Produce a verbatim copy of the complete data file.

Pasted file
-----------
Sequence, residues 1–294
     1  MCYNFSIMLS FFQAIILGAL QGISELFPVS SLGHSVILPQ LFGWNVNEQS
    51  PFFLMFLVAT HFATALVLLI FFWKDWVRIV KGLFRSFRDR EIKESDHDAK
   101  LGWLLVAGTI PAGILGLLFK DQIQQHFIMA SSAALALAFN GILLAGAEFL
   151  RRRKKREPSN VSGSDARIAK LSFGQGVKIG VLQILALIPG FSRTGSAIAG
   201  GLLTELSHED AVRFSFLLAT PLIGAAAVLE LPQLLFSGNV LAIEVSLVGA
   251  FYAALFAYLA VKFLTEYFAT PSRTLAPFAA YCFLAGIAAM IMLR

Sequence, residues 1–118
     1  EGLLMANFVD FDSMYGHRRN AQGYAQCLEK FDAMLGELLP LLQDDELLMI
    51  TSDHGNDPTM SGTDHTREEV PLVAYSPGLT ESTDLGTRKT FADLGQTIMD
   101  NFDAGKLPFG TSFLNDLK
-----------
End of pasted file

Sequence, residues 1–294
     1  MCYNFSIMLS FFQAIILGAL QGISELFPVS SLGHSVILPQ LFGWNVNEQS
    51  PFFLMFLVAT HFATALVLLI FFWKDWVRIV KGLFRSFRDR EIKESDHDAK
   101  LGWLLVAGTI PAGILGLLFK DQIQQHFIMA SSAALALAFN GILLAGAEFL
   151  RRRKKREPSN VSGSDARIAK LSFGQGVKIG VLQILALIPG FSRTGSAIAG
   201  GLLTELSHED AVRFSFLLAT PLIGAAAVLE LPQLLFSGNV LAIEVSLVGA
   251  FYAALFAYLA VKFLTEYFAT PSRTLAPFAA YCFLAGIAAM IMLR

Sequence, residues 1–118
     1  EGLLMANFVD FDSMYGHRRN AQGYAQCLEK FDAMLGELLP LLQDDELLMI
    51  TSDHGNDPTM SGTDHTREEV PLVAYSPGLT ESTDLGTRKT FADLGQTIMD
   101  NFDAGKLPFG TSFLNDLK